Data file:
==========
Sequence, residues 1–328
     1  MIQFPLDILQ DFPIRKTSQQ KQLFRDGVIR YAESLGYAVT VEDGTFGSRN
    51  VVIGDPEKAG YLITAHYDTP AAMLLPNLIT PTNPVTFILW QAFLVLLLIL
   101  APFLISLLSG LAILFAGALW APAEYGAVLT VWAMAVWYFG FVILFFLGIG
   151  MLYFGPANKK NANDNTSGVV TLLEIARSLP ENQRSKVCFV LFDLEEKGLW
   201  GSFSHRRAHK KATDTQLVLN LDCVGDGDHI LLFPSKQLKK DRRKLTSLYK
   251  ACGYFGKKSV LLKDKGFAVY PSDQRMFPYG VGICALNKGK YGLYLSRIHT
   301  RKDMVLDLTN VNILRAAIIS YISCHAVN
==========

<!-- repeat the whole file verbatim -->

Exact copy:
Sequence, residues 1–328
     1  MIQFPLDILQ DFPIRKTSQQ KQLFRDGVIR YAESLGYAVT VEDGTFGSRN
    51  VVIGDPEKAG YLITAHYDTP AAMLLPNLIT PTNPVTFILW QAFLVLLLIL
   101  APFLISLLSG LAILFAGALW APAEYGAVLT VWAMAVWYFG FVILFFLGIG
   151  MLYFGPANKK NANDNTSGVV TLLEIARSLP ENQRSKVCFV LFDLEEKGLW
   201  GSFSHRRAHK KATDTQLVLN LDCVGDGDHI LLFPSKQLKK DRRKLTSLYK
   251  ACGYFGKKSV LLKDKGFAVY PSDQRMFPYG VGICALNKGK YGLYLSRIHT
   301  RKDMVLDLTN VNILRAAIIS YISCHAVN